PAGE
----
This does not mean Faulkner had no control over his process. He revised exhaustively until he came up with a final draft. But artists understand that they have to work with what they don’t know in order to come to their final goal. When we relinquish trying to have control over everything, we allow ourselves the grace to discover true meaning.

It’s like a conversation. Instead of going into life and its many messy problems with a transactional approach that seeks to gain the most points, approach life with genuine curiosity about what you want to learn. Think of yourself as the piece of art: a script or a statue unfolding in its truth, living toward its best expression.


The most important thing to remember/take away from all this is:

Making a decision should not be a utilitarian mechanism by which you derive the most benefit. Rather, the process should put at its heart your sense of self and your principles. Using these as a guide, and giving yourself the grace to make mistakes and start again, will lead you to a life truly well lived.

About the author

Russ Roberts is the president of Shalem College in Jerusalem and the John and Jean De Nault Research Fellow at Stanford University’s Hoover Institution. He hosts the award-winning weekly podcast EconTalk, in which he distills economic concepts with guests such as Michael Lewis, Jill Lepore, Angela Duckworth, Christopher Hitchens, and Nassim Nicholas Taleb. He is the author of five books, including Gambling with Other People’s Money and How Adam Smith Can Change Your Life, and cocreator of the Keynes-Hayek rap videos, which have been viewed more than 12 million times on YouTube. He received his PhD from the University of Chicago.


Motivation, Inspiration, Personal Development, Psychology, Economics, Philosophy, Business, Management, Leadership, Decision-Making, Problem Solving, Happiness Self-Help

Table of Contents

1 Wild Problems 1
2 Darwin’s Dilemma 9
3 In the Dark 21
4 This Is Serious 41
5 The Pig and the Philosopher 55
6 Flourishing Matters 69
7 Penelope’s Problem 89
8 How to Get Over Yourself 115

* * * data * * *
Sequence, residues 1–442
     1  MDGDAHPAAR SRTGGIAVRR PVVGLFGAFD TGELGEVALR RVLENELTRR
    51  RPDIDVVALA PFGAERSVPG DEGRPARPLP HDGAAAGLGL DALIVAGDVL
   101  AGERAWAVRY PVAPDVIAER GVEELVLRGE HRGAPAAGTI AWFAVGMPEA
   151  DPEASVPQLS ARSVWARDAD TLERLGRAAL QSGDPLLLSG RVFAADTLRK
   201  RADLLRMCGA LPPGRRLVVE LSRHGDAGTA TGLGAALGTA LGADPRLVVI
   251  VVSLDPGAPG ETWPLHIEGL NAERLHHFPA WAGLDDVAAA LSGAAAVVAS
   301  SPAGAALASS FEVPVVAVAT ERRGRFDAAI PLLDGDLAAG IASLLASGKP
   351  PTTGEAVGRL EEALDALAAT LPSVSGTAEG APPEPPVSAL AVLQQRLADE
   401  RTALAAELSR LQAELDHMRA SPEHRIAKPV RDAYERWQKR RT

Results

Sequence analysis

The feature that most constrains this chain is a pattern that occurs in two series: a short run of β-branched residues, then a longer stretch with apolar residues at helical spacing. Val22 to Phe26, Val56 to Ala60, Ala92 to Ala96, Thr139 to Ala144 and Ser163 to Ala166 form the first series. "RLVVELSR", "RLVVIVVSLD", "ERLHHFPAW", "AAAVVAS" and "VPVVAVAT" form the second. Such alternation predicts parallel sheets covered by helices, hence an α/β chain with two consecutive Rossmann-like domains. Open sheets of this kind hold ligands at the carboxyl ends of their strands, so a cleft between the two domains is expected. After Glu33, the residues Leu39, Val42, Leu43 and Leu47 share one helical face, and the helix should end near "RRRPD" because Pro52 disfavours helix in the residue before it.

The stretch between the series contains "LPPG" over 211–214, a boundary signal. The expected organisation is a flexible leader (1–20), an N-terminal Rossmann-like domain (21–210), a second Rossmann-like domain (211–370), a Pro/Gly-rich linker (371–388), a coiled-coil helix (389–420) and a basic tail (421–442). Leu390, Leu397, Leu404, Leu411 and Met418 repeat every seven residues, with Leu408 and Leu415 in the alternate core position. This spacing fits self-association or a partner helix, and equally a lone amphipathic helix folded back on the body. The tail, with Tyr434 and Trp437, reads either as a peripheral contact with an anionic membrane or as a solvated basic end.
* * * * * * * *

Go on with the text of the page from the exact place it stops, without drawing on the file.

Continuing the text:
9 Privilege Your Principles 133
10 Be Like Bill 157
11 Live Like an Artist 171
12 Summing Up 185
Acknowledgments 193
Sources and Further Reading 199


From the host of EconTalk, a guide to decision-making when you can’t crunch the numbers

Algorithms and apps analyze data and tell you how to beat the traffic, what books to buy, what music to listen to, and even who to date—often with great results. But what do you do when you face the big decisions of life—the “wild problems” of who to marry, whether to have children, where to move, how to forge a life well-lived—that can’t be solved by measurement or calculation?

In Wild Problems, beloved host of EconTalk Russ Roberts offers puzzled rationalists a way to address these wild problems. He suggests spending less time and energy on the path that promises the most happiness, and more time on figuring out who you actually want to be. He draws on the experience of great artists, writers, and scientists of the past who found creative ways to navigate life’s biggest questions. And he lays out strategies for reducing the fear and the loss of control that inevitably come when a wild problem requires a leap in the dark.

Ultimately, Roberts asks us to see ourselves and our lives less as a problem to be solved than a mystery to be experienced. There’s no right decision waiting to be uncovered by an app or rational analysis. Reality is harder than that and, perhaps, a little more interesting.


“This excellent book won’t make your decisions for you. Instead, it will do something more powerful: help you think about your most important decisions in a completely new light.” – EMILY OSTER, author of Expecting Better

“Wild Problems is a powerful guide to a more meaningful life.” – DAVID EPSTEIN, author of Range

“I’ve learned more about economics and economic reasoning from Russ Roberts than from all other sources combined. I am delighted to find out in this book that Roberts is also a source about the limits of economic reasoning when it comes to existential decisions.” – NASSIM NICHOLAS TALEB, author of The Black Swan

“An interesting and useful book. The ‘wild problems’ it explains how to solve include the biggest ones you’ll face in your life.” – PAUL GRAHAM, founder of Y Combinator

“A beautiful meditation on big life choices, gently reminding us of the limits of narrow cost-benefit reasoning and presenting an alternative approach to human flourishing.” – ANGELA DUCKWORTH, author of Grit

“Roberts’s thought-provoking take on the limits of data and the overquantification of contemporary life provides a bold and original perspective on how humans can make better decisions. Daniel Kahneman’s fans will find much to ponder.” – PUBLISHER’S WEEKLY